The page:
The Birds and The Trees: Two Pivotal Events in America’s Ecosystem

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Alaska’s Tongass National Forest in Grave Logging Peril

Most of us mainlanders may not have visited Alaska, let alone its National Forest. So for those of us without flight fare, here, take a look:

 

Not bad, right?

Recently, the Trump Administration, prompted by a request from Alaskan state officials, proposed to roll back Clinton-era rules regarding construction and logging in nationally protected forests. 

The 2001 Roadless Rule prohibits:

  • Road construction
  • Road reconstruction
  • And timber harvesting

Within any of the 58.5 million acres of inventoried roadless areas in our National Forest System. 

Alaskan officials complained that limiting road construction and logging through the Tongass, roughly 17 million miles (9.2 of which are roadless), was harming the local economy. The message is that without the stable income that year-found manufacturing jobs can supply, denizens of Alaska are suffering. 

“Every year we lose more of our loggers because there’s not enough to keep everyone going,” says the President of the Alaska Forest Association, Owen Graham.

Does this rhetoric sound familiar, perhaps echoing the calls of coal miners running out of coal to mine in Pennsylvania or oil refiners with historically less oil to refine?

Conservationist groups are already bemoaning the Trump administration’s decision to grant the Alaskan rainforest, the largest temperate rainforest in North America, an exemption.

You see, as with the Amazon rainforest and the Indonesian rainforest, the Tongass absorbs an enormous amount of carbon dioxide from the atmosphere. 

Removing the protections of the Roadless Rule not only risk speeding up climate change, by eliminating a vital carbon sink, it also risks damage to the fishing and tourism industries in Alaska.

The Tongass is a huge tourist attraction and houses wildlife not found anywhere else in abundance on the continent. For example, prior to the logging restrictions of 2001, industrial logging damaged salmon streams, which are a huge economic boom for the Alaskan economy. 

If passed, the exemption will release 165,000 old-growth acres and 20,000 young-growth acres from its previous protection into the hands of out-of-work Alaskans. 

This isn’t the first time an attempt has been made — President George W. Bush also tried to remove governmental protection of the Tongass. However, the EPA will have to issue a final impact statement, and conservation groups are confident they won’t amass enough evidence in favor of logging the Tongass to justify its exemption.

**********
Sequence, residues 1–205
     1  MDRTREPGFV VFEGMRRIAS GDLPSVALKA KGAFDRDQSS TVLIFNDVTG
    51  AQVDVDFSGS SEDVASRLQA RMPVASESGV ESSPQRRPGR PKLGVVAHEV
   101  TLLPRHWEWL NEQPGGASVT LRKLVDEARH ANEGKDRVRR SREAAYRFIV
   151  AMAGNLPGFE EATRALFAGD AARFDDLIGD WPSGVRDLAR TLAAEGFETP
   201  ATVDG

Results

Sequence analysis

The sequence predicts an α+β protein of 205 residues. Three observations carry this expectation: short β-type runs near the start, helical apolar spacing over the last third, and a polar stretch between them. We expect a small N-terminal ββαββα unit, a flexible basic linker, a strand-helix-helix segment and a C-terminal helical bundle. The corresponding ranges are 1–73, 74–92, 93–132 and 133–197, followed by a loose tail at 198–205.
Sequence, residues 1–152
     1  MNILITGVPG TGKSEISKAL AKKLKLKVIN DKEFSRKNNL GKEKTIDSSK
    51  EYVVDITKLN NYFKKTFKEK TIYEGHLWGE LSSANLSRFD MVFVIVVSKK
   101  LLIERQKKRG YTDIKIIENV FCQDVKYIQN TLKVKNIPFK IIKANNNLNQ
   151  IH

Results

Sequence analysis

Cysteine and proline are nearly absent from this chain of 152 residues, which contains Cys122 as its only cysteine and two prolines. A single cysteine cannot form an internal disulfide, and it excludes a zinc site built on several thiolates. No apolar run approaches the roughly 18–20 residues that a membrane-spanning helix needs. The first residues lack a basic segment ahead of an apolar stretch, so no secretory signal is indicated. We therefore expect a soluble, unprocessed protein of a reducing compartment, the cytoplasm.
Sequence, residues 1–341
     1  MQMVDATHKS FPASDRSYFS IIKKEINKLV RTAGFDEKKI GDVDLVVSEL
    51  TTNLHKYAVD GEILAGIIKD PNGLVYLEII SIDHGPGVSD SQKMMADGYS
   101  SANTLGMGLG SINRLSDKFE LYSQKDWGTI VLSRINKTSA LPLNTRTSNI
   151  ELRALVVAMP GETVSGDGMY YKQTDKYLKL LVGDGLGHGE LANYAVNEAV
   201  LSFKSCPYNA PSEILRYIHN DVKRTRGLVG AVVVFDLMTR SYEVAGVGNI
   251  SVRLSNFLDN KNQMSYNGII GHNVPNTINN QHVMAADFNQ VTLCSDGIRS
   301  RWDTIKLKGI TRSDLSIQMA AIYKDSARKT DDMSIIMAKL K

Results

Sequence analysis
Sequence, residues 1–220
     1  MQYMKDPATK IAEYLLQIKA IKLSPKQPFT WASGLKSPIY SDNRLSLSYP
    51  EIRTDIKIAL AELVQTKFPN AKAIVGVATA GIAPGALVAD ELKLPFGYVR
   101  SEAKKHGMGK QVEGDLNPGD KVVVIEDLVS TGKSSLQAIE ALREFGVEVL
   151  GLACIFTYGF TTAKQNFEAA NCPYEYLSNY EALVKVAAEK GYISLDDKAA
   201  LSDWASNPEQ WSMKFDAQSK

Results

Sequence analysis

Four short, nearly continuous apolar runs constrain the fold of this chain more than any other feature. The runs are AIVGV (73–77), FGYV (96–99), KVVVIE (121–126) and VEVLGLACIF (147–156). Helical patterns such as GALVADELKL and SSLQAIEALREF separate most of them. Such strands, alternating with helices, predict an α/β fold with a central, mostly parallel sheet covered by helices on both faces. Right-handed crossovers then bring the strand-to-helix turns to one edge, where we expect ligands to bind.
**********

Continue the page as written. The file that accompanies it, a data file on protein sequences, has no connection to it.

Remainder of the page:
We’ll be following closely.

States Losing More than Aviary Mascots

Climate change isn’t only affecting natural disasters, polar ice caps, and global temperatures.

It’s affecting the range of animal species roaming the Earth.

For these states in particular, it’s affecting their state birds. Minnesota, Maryland, Louisiana, Utah, Vermont, Idaho, Nevada, Pennsylvania, New Hampshire, New Jersey, California, Georgia, and Washington, D.C. are all experiencing diminishing populations of their winged representations.

That means the Common Loon, Baltimore Oriole, Brown Pelican, California Gull, Hermit Thrush, Mountain Bluebird, Ruffed Grouse, Purple Finch, Gold Finch, California Quail, Brown Trasher, and Wood Thrush are all migrating elsewhere as their typical environments become harsh and unfriendly.

For example, the Hermit Thrush has always spent its summers in Vermont. Soon, however, it will more likely only be spotted in the winter. Warmer temperatures will send it flying to Canada. 

Further south, the Brown Thrasher in Georgia is likely to lose 98% of its summer range due to rising temperatures. 

There are a total of 389 species classified as “vulnerable,” according to a study conducted by the National Audubon Society. The study accounted not only for higher temperatures, but for rising ocean levels and more persistent wildfires as well. 

Species will either be forced to adapt to its conditions, move elsewhere, or will diminish and die out entirely. In fact, according to a recent paper in the Science journal, the number of birds in the United States and Canada has declined by 29% since 1970.

That’s 2.9 billion birds not flying anymore, due to man-made efforts — habitat loss, pesticide use, etc. 

The answer?

As usual, cut greenhouse gas emissions.

The post The Birds and The Trees: Two Pivotal Events in America’s Ecosystem appeared first on Well Org.

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